June 20, 2008
Ive made a point of not watching TV reality shows, but a recent episode of 30 Days was an exception. As associate editor/Web editor Lisa Barley noted in her June 16 blog post, 30 Days varies from most reality series in that it isnt about humiliating people, but about what its like to live a lifestyle different from your own.
As Lisa also noted, I met the vegan Karpel family featured in the episode while on a VT-sponsored Taste of Health cruise last spring. I was traveling alone and got the family to adopt me. The Karpels are just the kind of family youd belong to if you could: Theyre warm, generous, lovingand especially for those of us who are veg, theyre not constantly asking if youre getting enough protein.
I was relieved to learn, in a conversation with Madeleine (Mom) Karpel about the show, that their scenes werent staged or manipulated, as happens in most unscripted series. From personal experience I can attest to the Karpels knack for putting you at ease when youre with them. Even given the initial culture shock set up by 30 Days, I wasnt all that surprised to see George Snedeker, the hunter staying with the family, so relaxed in their company. It makes me smile when I think about the experience, Madeleine said. We made a friend. They continue to talk on the phone, Madeleine told me, and spoke together after watching the episode on opposite coasts: the Karpels in California and Snedeker in North Carolina.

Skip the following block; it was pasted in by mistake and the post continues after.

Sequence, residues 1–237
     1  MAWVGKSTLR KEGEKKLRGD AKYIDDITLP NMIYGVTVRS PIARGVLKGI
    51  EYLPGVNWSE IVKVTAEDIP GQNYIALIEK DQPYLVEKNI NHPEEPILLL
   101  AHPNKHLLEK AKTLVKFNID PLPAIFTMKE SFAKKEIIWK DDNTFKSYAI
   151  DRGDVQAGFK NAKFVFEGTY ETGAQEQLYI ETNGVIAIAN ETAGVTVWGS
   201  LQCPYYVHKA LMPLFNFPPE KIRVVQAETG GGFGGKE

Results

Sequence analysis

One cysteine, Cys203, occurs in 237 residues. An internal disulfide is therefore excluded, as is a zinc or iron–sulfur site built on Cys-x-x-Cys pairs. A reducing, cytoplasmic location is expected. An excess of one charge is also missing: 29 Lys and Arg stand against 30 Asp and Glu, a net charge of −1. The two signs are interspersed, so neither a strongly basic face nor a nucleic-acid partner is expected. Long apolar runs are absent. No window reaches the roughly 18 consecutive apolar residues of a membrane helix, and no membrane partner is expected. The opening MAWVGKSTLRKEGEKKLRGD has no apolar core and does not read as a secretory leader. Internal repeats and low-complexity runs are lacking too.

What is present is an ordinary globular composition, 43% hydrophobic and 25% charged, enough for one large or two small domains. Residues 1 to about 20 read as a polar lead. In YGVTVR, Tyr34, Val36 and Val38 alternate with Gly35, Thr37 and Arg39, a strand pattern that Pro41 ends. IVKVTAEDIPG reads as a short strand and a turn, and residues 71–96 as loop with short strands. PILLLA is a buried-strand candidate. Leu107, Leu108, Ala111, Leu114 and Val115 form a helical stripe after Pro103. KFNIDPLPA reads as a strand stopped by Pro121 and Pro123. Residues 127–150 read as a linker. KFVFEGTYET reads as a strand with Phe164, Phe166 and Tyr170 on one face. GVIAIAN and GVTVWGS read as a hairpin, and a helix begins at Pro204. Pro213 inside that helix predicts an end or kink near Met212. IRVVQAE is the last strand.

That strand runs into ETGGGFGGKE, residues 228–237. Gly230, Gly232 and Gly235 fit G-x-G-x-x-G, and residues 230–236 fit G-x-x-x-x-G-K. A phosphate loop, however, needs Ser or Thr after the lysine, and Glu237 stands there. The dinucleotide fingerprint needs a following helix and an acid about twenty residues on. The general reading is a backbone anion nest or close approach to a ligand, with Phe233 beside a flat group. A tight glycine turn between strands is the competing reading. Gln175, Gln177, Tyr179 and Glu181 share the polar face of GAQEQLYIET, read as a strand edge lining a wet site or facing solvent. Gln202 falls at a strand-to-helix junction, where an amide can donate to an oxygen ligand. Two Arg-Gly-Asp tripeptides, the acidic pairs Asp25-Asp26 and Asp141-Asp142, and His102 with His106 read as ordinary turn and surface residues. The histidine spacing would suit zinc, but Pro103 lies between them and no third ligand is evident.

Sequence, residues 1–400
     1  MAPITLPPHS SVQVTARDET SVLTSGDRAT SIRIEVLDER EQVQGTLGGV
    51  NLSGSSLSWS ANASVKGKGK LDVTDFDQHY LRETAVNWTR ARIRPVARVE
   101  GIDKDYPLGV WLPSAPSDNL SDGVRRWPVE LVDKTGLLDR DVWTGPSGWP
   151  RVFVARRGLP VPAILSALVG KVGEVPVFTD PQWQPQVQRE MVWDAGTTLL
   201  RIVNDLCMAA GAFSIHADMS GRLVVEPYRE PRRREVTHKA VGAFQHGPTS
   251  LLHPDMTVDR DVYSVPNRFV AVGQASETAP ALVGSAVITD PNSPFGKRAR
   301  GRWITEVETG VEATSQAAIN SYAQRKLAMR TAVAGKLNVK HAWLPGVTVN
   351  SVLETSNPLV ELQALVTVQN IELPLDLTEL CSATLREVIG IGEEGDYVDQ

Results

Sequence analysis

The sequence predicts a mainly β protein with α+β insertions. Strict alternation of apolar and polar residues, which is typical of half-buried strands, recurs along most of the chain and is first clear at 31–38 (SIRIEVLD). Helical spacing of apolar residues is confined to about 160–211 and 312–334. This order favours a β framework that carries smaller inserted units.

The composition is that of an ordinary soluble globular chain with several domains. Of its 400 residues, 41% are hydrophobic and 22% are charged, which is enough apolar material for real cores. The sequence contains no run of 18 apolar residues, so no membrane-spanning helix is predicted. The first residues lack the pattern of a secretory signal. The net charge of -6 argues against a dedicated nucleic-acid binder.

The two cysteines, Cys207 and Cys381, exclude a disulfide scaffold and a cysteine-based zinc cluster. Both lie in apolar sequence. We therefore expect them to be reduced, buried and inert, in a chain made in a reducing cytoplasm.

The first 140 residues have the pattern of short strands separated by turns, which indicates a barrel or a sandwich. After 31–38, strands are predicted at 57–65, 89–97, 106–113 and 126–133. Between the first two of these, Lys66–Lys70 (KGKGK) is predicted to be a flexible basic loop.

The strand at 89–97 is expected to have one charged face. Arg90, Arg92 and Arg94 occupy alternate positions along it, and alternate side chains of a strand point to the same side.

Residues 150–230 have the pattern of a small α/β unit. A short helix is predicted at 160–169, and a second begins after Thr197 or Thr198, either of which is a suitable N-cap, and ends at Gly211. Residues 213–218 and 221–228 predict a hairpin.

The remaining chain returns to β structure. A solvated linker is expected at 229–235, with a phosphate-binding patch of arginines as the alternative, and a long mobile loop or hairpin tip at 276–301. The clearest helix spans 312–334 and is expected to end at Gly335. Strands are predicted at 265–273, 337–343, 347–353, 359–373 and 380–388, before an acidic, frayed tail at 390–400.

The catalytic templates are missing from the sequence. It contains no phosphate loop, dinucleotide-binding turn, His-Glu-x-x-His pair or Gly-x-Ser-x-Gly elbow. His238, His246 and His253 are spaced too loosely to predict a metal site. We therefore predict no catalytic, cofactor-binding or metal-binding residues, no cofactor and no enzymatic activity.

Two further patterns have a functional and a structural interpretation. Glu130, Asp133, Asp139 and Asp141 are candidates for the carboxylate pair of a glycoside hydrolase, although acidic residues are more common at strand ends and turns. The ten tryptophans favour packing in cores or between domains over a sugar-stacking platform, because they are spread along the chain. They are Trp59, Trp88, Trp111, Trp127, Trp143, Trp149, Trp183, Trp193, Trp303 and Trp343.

I wouldve liked to have seen more of the Karpel family in the episode, but they stayed mostly in the background. That was just fine with Madeleine. She said that when her daughter Melissa, PETAs campaign strategist, first talked to her about the family participating in the series, she was reluctant: I thought, its so not me, I wouldnt feel comfortable. But all Melissa had to say was, Mom, its about the animals.
In fact, the airtime devoted to animals was what gave the show its emotional wallop. Snedekers seeing firsthand the abandoning of pets at shelters and the casual cruelty toward animals on a factory farm was a revelation. Its not possible to witness what I witnessed and not be affected, he said on camera. I do believe animals have rights. They dont deserve to suffer or be abused. As Melissa said to me regarding what felt unique about the show, its not often that TV viewers get to see inside the livestock industry. Footage of Snedeker taking part in the rescue of a calf left to die at dairy farm and then helping restore the calf to health at Animal Acres, a farm animal sanctuary, was the heart and soul of the show.
Its true that Snedeker still hunts deer. And he hasnt gone veg, despite doctor visits during the 30 days indicating his cholesterol levels dropped while eating vegan meals with the Karpelssequences that ended up on the cutting room floor. But as the episode progressed, Snedekers awkwardness at PETA actions evolved into genuine conviction. I am a bit of an animal activist, he said in the shows final segment.
I actually took Snedekers side once early on in the episode. Animal Acres director Lorri Bauston expressed surprise that if he had to choose, Snedeker would save a human who was a stranger to him over one of his pet dogs. Ive got to agree with Snedeker on this one. After all, as the episode showed, a stranger can, in a matter of days, become a friend.